Demetrios Laskaris Leontares

Demetrios Laskaris Leontares or Leontarios (Greek: Δημήτριος Λάσκαρις Λεοντάρης, died 6 September 1431) was an important Byzantine statesman and military leader of the early 15th century, serving under the emperors Manuel II Palaiologos and John VIII Palaiologos.



Nothing is known of Leontares' early life, except a statement by the historian Doukas that Leontares had served with distinction as an officer in the Morea and Thessaly in the 1390s.[1] Leontares first appears in the historical sources in 1403. As a close friend and trusted agent of Manuel II, he escorted John VII Palaiologos to Thessalonica, the Empire's second city, which John VII had been granted as a semi-independent appanage by Manuel. Leontares remained in the city and served as John VII's advisor and liaison to Manuel II until the former's death in 1408.[2][3] At this point Manuel placed him as tutor and regent over his young son, the despotes Andronikos Palaiologos, who succeeded John VII as governor of Thessalonica.[4][5]

Leontares remained in Thessalonica as its effective governor until 1415/1416,[6] when the Ottoman prince Düzmece Mustafa fled to the city after a failed attempt to seize the Ottomans' European domains from Mehmed I. Mehmed demanded the surrender of the rebel, but Leontares referred him to Manuel II in Constantinople. Eventually a deal was reached whereby Mustafa would be kept in exile in the Byzantine island of Lemnos, in exchange for an annual subsidy of 300,000 aspers. Leontares himself escorted Mustafa on the ship to Constantinople.[1][7]

In late 1420/early 1421 and again in May 1421, Leontares was dispatched by Manuel II to Mehmed I in missions of good will, as reports of preparations for an Ottoman attack on Constantinople increased. The first meeting occurred during a crossing of the Bosphorus by Mehmed. Leontares, at the head of a group of Byzantine aristocrats and officials and supplied with gifts, met Mehmed at the Constantinopolitan suburb of Koutoulos (probably modern Kurtuluş) and escorted him to Diplokionion (modern Beşiktaş), where the Emperor and his sons awaited in their galley. The second meeting was a full embassy to the Sultan's residence in Adrianople in May 1421, perhaps connected with a purported amendment in Mehmed's will that would have made Manuel guardian of his two younger sons. Leontares was cordially received, but negotiations were prevented by Mehmed's death on 21 May. To prevent another struggle for succession, his death was kept secret for a while, and Leontares found himself under virtual house arrest. Only with difficulty did he manage to find out news of the Sultan's death and report them to Constantinople.[1][8]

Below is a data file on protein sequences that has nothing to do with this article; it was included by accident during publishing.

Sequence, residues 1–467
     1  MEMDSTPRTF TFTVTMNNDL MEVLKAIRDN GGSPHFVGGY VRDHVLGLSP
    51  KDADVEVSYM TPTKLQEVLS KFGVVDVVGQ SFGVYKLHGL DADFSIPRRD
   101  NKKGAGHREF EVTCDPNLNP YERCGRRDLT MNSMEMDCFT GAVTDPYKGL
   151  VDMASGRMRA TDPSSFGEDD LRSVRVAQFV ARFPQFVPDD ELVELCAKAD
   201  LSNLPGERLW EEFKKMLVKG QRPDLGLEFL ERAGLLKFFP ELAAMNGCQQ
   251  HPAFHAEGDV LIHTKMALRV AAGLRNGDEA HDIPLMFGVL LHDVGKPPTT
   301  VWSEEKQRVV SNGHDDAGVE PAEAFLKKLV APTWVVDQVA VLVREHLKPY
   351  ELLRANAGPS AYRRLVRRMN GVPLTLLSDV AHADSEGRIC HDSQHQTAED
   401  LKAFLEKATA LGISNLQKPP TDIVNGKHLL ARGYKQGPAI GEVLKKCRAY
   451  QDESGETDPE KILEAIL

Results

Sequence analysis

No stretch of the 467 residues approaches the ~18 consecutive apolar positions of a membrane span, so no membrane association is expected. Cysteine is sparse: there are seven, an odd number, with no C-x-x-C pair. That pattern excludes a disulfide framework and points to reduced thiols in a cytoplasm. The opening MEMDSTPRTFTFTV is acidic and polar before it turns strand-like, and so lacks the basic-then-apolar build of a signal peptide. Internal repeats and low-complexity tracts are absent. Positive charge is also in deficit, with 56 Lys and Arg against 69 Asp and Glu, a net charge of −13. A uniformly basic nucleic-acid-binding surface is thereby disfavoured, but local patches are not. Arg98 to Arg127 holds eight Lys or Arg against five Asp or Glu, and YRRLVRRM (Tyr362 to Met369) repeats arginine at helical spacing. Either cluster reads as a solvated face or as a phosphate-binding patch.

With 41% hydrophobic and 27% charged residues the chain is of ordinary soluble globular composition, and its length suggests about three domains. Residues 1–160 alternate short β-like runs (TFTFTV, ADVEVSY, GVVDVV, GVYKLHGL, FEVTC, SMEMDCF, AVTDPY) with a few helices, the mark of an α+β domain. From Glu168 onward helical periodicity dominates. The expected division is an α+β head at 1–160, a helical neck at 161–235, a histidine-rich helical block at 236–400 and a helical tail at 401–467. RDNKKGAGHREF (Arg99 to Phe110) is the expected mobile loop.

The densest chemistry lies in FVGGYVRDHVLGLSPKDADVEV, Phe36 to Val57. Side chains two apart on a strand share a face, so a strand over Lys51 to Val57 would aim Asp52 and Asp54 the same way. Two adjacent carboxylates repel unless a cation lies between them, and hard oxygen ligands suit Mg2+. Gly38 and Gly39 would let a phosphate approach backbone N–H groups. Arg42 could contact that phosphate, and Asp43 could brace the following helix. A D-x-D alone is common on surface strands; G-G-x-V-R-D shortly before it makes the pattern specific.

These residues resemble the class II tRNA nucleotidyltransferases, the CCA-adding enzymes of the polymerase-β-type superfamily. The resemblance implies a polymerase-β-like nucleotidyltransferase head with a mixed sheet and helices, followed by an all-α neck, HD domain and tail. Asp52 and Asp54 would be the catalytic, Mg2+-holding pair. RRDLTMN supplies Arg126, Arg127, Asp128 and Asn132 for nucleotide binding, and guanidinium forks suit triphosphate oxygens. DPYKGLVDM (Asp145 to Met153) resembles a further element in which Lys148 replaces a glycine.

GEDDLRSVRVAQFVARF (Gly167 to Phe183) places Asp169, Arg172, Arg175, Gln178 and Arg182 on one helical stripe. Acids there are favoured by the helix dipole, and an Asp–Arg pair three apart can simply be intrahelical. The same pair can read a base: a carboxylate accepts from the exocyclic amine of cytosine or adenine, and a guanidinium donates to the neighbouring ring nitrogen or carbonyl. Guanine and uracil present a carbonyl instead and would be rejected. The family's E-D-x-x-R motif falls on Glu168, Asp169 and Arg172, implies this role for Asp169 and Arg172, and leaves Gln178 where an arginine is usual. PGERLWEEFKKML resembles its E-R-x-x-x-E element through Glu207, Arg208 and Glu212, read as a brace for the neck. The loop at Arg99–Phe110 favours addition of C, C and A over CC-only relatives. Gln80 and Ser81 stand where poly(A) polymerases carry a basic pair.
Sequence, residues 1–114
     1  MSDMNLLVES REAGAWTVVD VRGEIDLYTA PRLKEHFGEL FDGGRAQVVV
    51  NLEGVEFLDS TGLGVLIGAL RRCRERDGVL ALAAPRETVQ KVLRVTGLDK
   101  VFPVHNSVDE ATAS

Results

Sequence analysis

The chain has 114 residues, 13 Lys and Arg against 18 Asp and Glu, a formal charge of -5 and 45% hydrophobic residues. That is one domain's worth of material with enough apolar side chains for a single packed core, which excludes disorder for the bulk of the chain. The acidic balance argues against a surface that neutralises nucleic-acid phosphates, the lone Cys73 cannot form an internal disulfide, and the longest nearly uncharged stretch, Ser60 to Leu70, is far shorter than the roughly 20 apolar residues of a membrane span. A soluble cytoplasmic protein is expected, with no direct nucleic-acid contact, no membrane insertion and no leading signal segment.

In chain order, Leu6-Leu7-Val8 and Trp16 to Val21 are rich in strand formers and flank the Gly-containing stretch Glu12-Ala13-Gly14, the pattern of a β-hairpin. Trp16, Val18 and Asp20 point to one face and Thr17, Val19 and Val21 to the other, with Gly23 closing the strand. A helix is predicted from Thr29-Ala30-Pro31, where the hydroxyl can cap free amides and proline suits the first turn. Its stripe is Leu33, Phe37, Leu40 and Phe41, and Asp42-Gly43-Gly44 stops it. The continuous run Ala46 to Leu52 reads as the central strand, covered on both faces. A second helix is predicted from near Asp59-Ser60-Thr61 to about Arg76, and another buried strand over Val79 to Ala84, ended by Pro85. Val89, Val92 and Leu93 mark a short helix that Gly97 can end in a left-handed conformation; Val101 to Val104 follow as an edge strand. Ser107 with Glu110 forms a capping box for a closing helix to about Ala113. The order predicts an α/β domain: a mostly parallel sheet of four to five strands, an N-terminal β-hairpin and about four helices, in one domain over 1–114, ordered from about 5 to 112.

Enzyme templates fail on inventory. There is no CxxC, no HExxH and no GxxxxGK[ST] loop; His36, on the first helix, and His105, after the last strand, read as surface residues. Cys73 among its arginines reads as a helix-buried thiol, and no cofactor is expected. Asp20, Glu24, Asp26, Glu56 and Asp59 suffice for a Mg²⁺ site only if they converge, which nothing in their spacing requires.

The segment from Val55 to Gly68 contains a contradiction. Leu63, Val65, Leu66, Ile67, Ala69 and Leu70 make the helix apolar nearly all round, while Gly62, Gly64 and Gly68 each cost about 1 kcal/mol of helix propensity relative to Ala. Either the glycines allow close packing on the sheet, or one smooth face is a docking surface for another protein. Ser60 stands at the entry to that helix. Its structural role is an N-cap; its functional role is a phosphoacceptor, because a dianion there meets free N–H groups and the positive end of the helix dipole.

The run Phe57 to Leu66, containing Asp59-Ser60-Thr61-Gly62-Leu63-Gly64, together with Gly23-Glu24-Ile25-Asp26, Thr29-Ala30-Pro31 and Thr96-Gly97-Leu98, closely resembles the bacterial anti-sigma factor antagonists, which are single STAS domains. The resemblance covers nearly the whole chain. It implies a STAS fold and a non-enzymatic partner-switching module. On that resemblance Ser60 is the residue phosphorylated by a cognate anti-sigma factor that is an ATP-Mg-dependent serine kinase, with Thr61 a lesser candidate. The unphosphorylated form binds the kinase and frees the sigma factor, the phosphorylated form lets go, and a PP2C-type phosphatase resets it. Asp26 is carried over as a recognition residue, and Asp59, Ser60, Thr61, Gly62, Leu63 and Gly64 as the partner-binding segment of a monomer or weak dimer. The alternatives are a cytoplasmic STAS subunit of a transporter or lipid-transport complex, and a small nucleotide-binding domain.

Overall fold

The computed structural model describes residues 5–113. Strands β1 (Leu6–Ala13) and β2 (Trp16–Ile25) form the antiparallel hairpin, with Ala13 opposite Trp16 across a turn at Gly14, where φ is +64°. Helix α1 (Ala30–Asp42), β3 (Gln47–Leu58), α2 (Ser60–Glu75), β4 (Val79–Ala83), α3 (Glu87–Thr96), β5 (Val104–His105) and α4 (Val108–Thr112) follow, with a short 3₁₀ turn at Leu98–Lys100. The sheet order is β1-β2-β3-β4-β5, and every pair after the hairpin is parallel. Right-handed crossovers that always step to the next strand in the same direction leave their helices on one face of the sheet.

Following the death of Mehmed, the hawkish party in the Byzantine court, headed by Manuel II's son and co-emperor John VIII, became ascendant, and Manuel II resigned effective control of the state to him.[9] Leontares released Mustafa from his exile, and together with his supporter Cüneyt Bey of Aydın, the Ottoman prince was promised imperial support against Murad II if he would surrender the strategically important fortress of Gallipoli. With Byzantine support, Mustafa besieged and took Galipolli, and managed to quickly establish his authority over the Ottomans' European domains. However, when Leontares was dispatched to demand Gallipoli from Mustafa, he was rebuffed. In the event, Mustafa was defeated by Murad in spring 1422, abandoned by his supporters, caught and executed.[1][10]

Leontares appears again in 1427, when he headed the Byzantine fleet in its last naval victory, over the forces of Carlo I Tocco at the Battle of the Echinades.[1][11] He later retired to a monastery, under the monastic name Daniel, and died probably on 6 September 1431. He was buried at the Petra Monastery in Constantinople.[1][12] Markos Eugenikos and Gennadios Scholarios wrote funeral eulogies in is honour.[1][13]


Little is known about his family, except that he had brothers and was married, having one known son, John Laskaris Leontares.[1]


  1. ^ a b c d e f g h PLP 14676
  2. ^ Barker (1969), p. 245
  3. ^ Necipoglu (2009), pp. 39, 160
  4. ^ Barker (1969), p. 279
  5. ^ Necipoglu (2009), pp. 39, 44
  6. ^ Nicol (1993), p. 326 (Note #14)
  7. ^ Barker (1969), pp. 340–344
  8. ^ Barker (1969), pp. 351–354
  9. ^ Barker (1969), pp. 355–356
  10. ^ Barker (1969), pp. 357–359
  11. ^ Setton (1978), pp. 18–19
  12. ^ Sideras (1994), p. 425
  13. ^ Sideras (1994), p. 424


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